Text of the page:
The Biafrans of the civil war era,held their heads high in their ability to augment their ever depleting armoury with improvised,but effective weapons designed by their own technologists and engineers. Thanks to great minds like the Late Godian Ezekwe, Roy Umenyi, Eni Njoku and others. Certificates were then certificates. You had either an Uncle, a brother or a public figure you were looking up to emulate academically. Real and popular role models were abound;the likes of the ace medical practitioner, late Dr. Walter Eze, Chris Okigbo, Adeniran Ogunsanya, Dr. Okechukwu Ikejiani, Wole Soyinka, Chief Emeka Odumegwu Ojukwu, Chief J.O. Awolowo, Dr Mbazulike Amechi, Chief Alakija and the others. Every other young man and woman wanted to simply work hard in a chosen field and excel like these men. A fraudulent certificate, diploma or degree was not an option.

The beginning of the seventies saw the continuation of the good old order. Every well accomplished level of education, no matter how low, was respected and warm-heartedly welcomed. As an 11 year old in 1973, I witnessed the great admiration and respect that visited my senior brother's success in the WASC exam. Family members and well wishers were highly elated. The news spread fast. It was a big news indeed. And that was the eyes with which people saw education then.

I get very nostalgic when I remember those times and what is obtained now. The falling academic standards in Nigeria's secondary and tertiary institutions today are worrisome. So much has been said and written on this issue, but no solution has ever been proffered. Reuben Abati of the Nigerian Guardian, had recently in one of his editorials, complained about the poor and error-ridden English, in the job applications of Nigeria's University graduates flooding his office daily. According to him, one of the applicants even had to end her letter with "Yours lovely". Then you to start ask yourself, how such individuals had intended to work as Journalists in the first place, and the integrity of their degrees.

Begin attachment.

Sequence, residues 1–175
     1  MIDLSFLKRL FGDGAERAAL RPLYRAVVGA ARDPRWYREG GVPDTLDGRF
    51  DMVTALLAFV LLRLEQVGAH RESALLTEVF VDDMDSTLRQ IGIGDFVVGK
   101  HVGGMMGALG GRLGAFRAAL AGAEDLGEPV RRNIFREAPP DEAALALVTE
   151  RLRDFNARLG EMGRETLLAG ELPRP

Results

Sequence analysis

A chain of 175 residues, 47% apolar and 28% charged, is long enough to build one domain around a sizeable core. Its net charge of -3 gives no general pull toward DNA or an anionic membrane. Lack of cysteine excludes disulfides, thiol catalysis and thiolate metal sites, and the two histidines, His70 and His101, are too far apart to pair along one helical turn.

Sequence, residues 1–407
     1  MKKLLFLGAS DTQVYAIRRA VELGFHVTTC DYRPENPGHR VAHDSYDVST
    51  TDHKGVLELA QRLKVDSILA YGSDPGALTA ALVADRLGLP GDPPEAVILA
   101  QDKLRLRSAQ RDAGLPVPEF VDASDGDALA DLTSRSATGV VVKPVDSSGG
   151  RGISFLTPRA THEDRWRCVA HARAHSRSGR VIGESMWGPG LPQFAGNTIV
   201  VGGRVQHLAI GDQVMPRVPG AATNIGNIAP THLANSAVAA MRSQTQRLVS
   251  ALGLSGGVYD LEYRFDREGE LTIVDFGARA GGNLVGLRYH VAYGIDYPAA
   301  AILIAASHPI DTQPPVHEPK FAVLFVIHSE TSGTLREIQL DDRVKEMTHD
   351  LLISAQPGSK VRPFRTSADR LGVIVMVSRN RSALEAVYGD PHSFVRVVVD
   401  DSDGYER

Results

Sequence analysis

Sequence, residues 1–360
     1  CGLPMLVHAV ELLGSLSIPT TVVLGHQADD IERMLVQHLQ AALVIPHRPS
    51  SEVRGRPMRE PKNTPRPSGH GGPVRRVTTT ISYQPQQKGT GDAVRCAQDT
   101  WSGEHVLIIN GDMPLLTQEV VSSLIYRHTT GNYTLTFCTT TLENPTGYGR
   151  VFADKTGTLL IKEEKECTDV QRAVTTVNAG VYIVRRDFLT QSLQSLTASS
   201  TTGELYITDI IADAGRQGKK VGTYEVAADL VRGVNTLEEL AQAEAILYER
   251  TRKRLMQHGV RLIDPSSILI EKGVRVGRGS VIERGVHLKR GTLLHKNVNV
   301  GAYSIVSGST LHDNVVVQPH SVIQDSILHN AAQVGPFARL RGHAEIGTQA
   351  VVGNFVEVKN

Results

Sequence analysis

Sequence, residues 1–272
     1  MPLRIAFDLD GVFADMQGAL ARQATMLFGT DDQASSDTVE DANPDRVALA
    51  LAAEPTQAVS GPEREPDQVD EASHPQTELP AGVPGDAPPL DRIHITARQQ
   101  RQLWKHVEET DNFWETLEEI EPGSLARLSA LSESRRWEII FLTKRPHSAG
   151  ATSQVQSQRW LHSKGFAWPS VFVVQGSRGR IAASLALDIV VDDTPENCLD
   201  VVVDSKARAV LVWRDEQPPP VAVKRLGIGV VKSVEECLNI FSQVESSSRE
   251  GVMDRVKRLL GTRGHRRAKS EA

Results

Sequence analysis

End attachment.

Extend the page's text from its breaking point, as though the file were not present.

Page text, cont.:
The trend of buying admissions into our higher institutions, or examination marks being bought with money or sex is evil. When the chips are down, the obvious will happen. Today, low-storey buildings designed and manned by our certified architects and engineers are collapsing on our heads, while sky scrappers manned by technologists in other lands are standing firm, to the testimony of the genuineness of the certificates of the builders.

Something urgent must be done by the federal government, or else, how do you explain the recent situation in which a welder was caught writing exams for a University student of International Relations? The same story by the Sun tabloid,had secondary school students writing examinations for University under-graduates. Haba! The government must quickly, through the help of employers in the public and private sector, begin to to confiscate certificates of individuals whose abilities are deemed not commensurate with their credentials. There is an urgent need to set up a commission that will review certificates, diplomas and degrees issued in Nigeria especially in the last 15 years, else we are doomed. What sort of knowledge would such a generation impact on their next, if this monster is not crushed now?